5 Useful Tips I Learned About Illustration from Brad Woodard

August 24, 2017

5 Useful Tips I Learned About Illustration from Brad Woodard

I love spending my days working on RetroSupply. I get to spend my days doing work I love. Working on unique products. Researching the past.

Plus, I get the opportunity to learn from other talented creatives.

Take the Woodland Wonderland Brush & Tutorial Pack. Brad Woodard of Brave the Woods created the illustrations (and some AMAZING tutorials).

Here's a guy who's had his illustrations published in nationally distributed children's books. Plus, he's worked with some dream clients like Target and Harley Davidson.

I had the chance to spend dozens of hours learning his philosophy on illustration. And I picked up lots of good stuff!

Today I want to share some of the best tips I picked up. Special thanks to Brad Woodard for being generous in sharing his knowledge!

1. Create an inspiration board

Woodland Wonderland Pinterest inspiration

Have you ever seen an illustration that's trying to evoke a certain style - but looks wrong?

You know what I mean. The technical part is great. But it just looks too perfect.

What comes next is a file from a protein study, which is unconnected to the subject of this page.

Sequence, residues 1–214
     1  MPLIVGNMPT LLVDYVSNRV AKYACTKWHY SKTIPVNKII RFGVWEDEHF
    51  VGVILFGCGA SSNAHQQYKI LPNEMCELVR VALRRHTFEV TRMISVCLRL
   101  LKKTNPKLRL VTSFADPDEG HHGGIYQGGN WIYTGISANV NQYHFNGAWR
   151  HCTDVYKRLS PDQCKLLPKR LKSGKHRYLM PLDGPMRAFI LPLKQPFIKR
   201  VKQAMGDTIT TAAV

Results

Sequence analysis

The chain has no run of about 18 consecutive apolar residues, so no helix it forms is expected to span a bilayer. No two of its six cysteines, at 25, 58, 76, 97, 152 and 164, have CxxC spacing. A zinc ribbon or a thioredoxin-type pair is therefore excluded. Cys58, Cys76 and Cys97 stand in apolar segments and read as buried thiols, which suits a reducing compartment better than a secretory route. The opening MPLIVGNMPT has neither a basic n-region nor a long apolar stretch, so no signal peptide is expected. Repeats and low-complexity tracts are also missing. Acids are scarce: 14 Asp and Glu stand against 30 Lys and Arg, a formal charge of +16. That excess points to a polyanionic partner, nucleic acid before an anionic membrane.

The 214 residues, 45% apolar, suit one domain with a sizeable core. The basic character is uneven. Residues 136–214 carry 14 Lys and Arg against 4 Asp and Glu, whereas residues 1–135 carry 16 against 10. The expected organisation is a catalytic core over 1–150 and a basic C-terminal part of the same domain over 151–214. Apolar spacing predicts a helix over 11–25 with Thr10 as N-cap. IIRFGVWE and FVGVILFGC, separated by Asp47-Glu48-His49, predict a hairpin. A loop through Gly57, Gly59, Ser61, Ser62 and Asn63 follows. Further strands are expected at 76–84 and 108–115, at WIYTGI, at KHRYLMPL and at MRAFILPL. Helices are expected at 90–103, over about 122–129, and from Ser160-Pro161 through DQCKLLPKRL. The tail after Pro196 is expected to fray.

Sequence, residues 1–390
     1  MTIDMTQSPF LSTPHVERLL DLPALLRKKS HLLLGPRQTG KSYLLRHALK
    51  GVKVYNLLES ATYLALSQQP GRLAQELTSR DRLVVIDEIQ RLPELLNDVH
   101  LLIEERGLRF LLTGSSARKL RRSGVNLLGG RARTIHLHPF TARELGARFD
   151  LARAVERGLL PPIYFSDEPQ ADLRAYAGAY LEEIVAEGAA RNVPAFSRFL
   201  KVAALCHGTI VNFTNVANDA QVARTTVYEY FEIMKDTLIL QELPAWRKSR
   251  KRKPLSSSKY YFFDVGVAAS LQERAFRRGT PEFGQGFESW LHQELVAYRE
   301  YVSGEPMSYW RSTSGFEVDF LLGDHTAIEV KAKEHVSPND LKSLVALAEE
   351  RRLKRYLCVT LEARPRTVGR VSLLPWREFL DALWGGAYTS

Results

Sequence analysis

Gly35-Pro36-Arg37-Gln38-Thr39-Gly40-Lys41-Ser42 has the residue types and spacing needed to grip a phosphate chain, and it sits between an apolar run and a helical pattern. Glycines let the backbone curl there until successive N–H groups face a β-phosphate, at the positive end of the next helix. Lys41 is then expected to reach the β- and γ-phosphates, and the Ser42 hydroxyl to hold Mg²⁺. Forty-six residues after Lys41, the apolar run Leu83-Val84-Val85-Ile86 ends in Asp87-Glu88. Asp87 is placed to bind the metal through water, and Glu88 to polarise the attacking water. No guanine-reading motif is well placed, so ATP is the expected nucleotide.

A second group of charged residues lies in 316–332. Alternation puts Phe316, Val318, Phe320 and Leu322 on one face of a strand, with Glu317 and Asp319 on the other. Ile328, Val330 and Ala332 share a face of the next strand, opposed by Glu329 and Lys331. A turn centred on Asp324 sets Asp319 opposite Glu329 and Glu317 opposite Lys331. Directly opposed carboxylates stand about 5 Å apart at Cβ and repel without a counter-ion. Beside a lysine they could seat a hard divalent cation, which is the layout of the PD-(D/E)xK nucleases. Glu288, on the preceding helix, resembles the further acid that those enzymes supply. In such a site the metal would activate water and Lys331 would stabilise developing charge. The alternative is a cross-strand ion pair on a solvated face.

99% of the time this is a result of an illustrator not understanding the medium their emulating. The result is an illustration that would be impossible to make using real media. As a result it just looks wrong.

Here's how Brad and I did some quick but effective research:

  1. Create a private Pinterest board.
  2. Pin 20-30 sample images that achieve the look your after.
  3. Analyze the images you've collected. Make educated guesses on how the artist created the effect.

Finally, you might want to look for articles on how the illustrators you love actually worked. Often times you can Google interviews and articles that explain their process.

Tip: One of my favorite places to find detailed interviews with illustrators is Grain Edit. Check it out – pretty sure you'll love it.

2. Sketch your ideas on paper (and don't be afraid to be sloppy)

Make simple sketches before illustrating

When Brad and I first started working on the pack he showed me some simple sketches.

The sketches were quick and dirty. Each one took 30 seconds to make. But these little thumbnails were like little seeds of creativity.

But the most powerful part about this isn't even getting the idea on paper. It's that it's a low friction step to starting the project. Plus, it gives you the confidence and foresight to push forward.

Here's a simple way to force yourself to make quick sketches:

  1. Draw three rows of three squares in your notebook.
  2. Set your iPhone's timer for 30 seconds and click Start.
  3. Create whatever sketch you can within 30 seconds.
  4. Do this for each of the 9 boxes.

Within four and a half minutes you'll have nine ideas. Best of all, you'll have destroyed any creative block.

3. Pretend you're working with real media

Pretend to illustrator with real media in Photoshop

Photoshop gives you all kinds of tools to speed up your process.